What They Don't Teach You in Design School

This is the first in a series of brief posts about the transition from graphic design student into a professional design employee. I wish they had taught us these important and curious facts about what to expect post-college as graphic designer. These lessons apply to InHouse, Agency, Freelance and any other graphic design careers in between.

Microsoft Office.

Yep, I said it. And I MEAN it. You will be working in Microsoft Office a lot. They really should teach designers how to use this ridiculously clunky program. Your clients will make a project request and you need to be prepared to caress, maneuver and when applicable want to hurl your keyboard at the monitor.

As a Graphic Designer you will be asked to create word templates, headers, footers, letterhead, text boxes, calendars, Powerpoint templates/headers/pages/layout (perhaps you will even experience the joy of laying out over 100 slides). Exporting information from Excel into InDesign. There is a plethora of nonsense that involves using the dreaded "Office".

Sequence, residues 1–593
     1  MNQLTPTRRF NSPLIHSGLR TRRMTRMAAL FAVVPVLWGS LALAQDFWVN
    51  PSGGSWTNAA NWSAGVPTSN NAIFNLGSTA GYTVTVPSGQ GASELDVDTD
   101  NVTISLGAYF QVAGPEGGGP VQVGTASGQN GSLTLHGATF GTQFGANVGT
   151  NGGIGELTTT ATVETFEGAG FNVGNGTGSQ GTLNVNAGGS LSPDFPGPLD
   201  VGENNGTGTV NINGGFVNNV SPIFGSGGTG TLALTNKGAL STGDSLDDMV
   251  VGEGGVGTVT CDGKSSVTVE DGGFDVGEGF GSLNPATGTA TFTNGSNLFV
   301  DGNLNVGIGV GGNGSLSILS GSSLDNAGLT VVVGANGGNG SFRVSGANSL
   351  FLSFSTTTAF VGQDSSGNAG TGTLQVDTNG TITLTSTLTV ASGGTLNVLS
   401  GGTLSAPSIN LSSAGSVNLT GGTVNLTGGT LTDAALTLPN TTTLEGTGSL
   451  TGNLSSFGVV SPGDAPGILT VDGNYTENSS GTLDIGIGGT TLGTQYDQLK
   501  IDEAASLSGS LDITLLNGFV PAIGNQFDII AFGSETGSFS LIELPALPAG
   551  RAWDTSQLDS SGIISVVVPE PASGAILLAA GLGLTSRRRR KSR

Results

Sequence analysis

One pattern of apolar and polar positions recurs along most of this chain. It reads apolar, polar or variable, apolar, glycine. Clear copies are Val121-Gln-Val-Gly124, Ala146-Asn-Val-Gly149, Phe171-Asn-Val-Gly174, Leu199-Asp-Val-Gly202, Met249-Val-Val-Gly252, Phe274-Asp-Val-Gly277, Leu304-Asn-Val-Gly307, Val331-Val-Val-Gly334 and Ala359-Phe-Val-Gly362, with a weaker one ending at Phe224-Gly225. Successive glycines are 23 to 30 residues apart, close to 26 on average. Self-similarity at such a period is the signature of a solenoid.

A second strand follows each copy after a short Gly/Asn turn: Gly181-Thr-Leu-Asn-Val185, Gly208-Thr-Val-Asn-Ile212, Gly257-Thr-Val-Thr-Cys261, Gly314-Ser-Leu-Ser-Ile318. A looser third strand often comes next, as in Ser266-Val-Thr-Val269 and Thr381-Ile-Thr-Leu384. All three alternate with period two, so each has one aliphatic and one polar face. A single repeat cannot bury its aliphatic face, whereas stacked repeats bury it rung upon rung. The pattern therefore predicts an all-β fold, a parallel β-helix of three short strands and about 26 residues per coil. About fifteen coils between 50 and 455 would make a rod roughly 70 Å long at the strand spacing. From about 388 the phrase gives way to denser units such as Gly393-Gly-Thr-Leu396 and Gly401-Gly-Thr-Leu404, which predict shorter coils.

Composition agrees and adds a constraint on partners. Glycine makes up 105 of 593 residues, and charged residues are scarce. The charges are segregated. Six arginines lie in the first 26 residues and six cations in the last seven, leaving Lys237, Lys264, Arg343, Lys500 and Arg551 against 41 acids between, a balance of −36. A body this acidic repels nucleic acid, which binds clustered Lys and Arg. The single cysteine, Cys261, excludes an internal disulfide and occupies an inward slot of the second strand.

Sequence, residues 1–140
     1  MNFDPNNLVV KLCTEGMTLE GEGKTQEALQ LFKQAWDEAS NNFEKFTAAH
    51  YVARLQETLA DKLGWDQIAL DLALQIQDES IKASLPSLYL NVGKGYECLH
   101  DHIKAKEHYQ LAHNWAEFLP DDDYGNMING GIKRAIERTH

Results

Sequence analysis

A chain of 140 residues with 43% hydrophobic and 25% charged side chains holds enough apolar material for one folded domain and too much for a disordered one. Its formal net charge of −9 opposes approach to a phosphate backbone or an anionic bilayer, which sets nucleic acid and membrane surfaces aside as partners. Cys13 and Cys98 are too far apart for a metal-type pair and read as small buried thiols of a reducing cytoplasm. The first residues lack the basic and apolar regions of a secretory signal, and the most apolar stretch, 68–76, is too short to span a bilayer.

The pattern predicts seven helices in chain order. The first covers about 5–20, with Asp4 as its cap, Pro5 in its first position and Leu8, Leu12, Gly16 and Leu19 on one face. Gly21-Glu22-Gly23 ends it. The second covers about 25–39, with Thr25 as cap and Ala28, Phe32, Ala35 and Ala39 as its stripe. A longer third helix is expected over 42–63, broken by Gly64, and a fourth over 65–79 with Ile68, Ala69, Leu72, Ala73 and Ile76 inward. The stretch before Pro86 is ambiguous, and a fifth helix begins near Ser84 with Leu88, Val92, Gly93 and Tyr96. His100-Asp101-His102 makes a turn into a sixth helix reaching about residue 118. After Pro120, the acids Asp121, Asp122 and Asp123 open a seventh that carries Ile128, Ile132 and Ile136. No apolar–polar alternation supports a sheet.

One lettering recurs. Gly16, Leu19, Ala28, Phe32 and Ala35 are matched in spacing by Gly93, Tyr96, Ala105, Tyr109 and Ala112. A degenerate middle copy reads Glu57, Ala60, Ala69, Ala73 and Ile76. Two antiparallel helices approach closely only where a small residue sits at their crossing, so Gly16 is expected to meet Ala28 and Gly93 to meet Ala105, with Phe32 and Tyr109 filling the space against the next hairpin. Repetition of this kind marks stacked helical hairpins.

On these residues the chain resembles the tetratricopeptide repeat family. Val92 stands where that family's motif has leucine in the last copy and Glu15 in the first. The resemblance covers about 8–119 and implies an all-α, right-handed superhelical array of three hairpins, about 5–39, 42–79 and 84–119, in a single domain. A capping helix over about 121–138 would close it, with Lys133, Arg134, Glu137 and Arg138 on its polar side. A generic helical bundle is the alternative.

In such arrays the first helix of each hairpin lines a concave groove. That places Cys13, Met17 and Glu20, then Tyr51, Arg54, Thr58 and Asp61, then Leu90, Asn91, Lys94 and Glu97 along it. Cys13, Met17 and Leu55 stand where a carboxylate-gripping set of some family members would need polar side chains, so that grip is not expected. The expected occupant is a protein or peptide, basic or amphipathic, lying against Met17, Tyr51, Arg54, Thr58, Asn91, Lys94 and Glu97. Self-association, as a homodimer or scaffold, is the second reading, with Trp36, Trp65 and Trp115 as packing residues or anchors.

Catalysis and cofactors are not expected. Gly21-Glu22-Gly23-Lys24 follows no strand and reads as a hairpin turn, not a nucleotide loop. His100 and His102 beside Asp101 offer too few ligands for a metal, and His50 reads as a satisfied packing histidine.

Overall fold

No one tells you this, but all designers secretly, are just as frustrated as you are.

Here's a tip for importing images (i.e. header + copy or some sort of non-editable layout or background into Word)

1. Create the layout in InDesign
2. Save as an .eps
3. Open in Illustrator
4. Save as a TIFF
5. Place the TIFF in to the Word document
6. Size and place as needed (making sure to adjust layout/size accordingly)

*It took me about an hour of trial and error to get a clear/decent resolution from a Mac (InDesign) to a PC (word document). You cannot skip to just saving as a TIFF from InDesign/Photoshop, for some reason the resolution is not as crisp. So all six time consuming steps are necessary.